When you go to a foreign country, you may end up staying in places where nobody can speak the languages you know. TIW (Technology Improves the World), an IT company based in Czech Republic, is trying to problem a solution to this problem with Droid Translator, an Android that leverages Google’s Android speech-to-text, voice recognition, and translation technology to translate live text or audio chats or even Skype or mobile calls.
I gave it a quick try. First you need to have Skype installed on your device, and a Skype, as Droid Translator will import your Skype contacts. There’s the Free version linked above, and a PRO version for about $6.5. The free version only support DT chat (text and audio chat), and the paid version adds Mobile, and Skype calls (Audio and Video) support.
The following language are said to be supported: English, Arabic, Bulgarian, Catalan, Czech, Chinese Simplified, Dutch, Finnish, French, German, Hebrew, Hungarian, Indonesian, Italian, Japanese, Korean, Malay, Norwegian, Polish, Portuguese, Romanian, Russian, Slovak, Spanish, Swedish, Turkish, Thai, Ukrainian, Vietnamese. However, some of the language are only supported with text chat, the languages with audio chat support are limited to the languages where voice recognition is available. I tried to enable Thai, and it was not available for this feature.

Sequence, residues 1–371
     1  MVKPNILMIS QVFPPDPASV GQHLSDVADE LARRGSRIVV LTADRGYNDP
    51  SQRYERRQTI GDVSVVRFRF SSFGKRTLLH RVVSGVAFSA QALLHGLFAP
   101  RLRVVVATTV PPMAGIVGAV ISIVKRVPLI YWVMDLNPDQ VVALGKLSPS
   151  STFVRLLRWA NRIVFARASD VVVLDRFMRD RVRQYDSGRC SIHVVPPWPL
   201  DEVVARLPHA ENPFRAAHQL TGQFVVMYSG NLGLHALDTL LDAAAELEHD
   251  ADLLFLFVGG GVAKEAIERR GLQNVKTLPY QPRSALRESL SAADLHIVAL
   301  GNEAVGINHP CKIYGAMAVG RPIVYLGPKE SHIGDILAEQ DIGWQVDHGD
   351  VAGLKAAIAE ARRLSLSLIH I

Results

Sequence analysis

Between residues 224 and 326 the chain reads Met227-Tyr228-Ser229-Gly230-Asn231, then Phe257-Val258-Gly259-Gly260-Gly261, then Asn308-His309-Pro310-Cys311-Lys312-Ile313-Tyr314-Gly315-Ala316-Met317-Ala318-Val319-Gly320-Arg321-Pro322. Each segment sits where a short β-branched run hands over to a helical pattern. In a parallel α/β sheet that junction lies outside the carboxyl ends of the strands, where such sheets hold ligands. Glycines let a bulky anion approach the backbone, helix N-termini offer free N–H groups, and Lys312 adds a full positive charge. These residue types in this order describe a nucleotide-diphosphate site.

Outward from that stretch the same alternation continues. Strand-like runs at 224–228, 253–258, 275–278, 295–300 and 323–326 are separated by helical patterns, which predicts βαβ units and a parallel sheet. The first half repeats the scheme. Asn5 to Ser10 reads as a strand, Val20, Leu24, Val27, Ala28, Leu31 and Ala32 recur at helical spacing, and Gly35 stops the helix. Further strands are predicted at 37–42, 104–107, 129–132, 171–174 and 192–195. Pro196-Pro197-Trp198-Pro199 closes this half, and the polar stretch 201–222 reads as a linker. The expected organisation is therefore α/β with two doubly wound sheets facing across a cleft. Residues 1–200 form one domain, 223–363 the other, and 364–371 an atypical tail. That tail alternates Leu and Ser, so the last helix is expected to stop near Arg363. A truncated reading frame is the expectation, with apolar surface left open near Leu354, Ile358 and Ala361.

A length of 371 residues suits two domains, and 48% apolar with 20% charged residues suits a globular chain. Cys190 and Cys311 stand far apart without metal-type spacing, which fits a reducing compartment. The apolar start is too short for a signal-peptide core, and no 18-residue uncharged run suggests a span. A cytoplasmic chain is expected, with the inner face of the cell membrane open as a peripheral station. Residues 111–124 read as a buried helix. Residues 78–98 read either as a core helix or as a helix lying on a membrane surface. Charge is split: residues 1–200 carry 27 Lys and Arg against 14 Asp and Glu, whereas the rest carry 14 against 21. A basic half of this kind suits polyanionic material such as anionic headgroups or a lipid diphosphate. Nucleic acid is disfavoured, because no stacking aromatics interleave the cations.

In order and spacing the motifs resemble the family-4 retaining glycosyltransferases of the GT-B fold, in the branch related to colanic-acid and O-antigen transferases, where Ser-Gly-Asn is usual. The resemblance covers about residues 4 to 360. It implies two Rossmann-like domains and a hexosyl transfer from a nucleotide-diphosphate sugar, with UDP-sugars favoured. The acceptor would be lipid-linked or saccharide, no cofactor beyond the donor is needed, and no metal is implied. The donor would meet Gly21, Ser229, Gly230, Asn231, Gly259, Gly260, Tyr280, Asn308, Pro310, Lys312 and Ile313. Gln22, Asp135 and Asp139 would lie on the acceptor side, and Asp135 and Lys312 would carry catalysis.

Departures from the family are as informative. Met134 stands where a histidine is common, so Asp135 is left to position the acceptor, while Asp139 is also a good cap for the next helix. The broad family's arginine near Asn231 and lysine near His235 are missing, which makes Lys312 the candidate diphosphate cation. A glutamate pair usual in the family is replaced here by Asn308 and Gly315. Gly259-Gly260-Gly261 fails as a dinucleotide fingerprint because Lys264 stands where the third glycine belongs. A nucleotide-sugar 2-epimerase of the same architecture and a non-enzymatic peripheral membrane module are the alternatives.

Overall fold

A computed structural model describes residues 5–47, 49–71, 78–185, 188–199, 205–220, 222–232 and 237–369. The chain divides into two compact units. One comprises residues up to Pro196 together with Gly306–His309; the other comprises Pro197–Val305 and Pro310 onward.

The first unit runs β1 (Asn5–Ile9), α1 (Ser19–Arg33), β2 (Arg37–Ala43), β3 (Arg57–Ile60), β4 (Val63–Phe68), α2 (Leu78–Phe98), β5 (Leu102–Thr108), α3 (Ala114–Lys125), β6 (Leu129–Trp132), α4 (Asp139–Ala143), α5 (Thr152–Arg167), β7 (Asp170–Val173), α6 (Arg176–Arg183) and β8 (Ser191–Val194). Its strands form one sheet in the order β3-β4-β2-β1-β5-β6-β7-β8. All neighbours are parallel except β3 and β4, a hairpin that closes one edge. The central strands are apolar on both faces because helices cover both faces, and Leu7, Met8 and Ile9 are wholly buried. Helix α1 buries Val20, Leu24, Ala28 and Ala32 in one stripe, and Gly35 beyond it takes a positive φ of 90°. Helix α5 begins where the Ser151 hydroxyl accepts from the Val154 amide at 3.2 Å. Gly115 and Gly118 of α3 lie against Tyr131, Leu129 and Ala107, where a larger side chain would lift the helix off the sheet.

Since I installed the free version, I could only use DT chat, and the most exciting features is the audio chat features which works that way. You press the microphone button, say something, Android’s voice recognition kicks in, show the text in your native language on your screen, send it over to the other phone, where it is translate, and optionally outputted via Android’s text-to-speech engine. I used it for French <->English translation, and it works, but some of the translations are pretty funny. Voice recognition does not always work perfectly either, but the good thing is that you’ll see something went wrong and have the opportunity to give it another try.
If you want to see a live demo (English <-> Russian) of DT chat audio, what Charbax video below.
Thanks to CSilie for the tip.
Jean-Luc started CNX Software in 2010 as a part-time endeavor, before quitting his job as a software engineering manager, and starting to write daily news, and reviews full time later in 2011.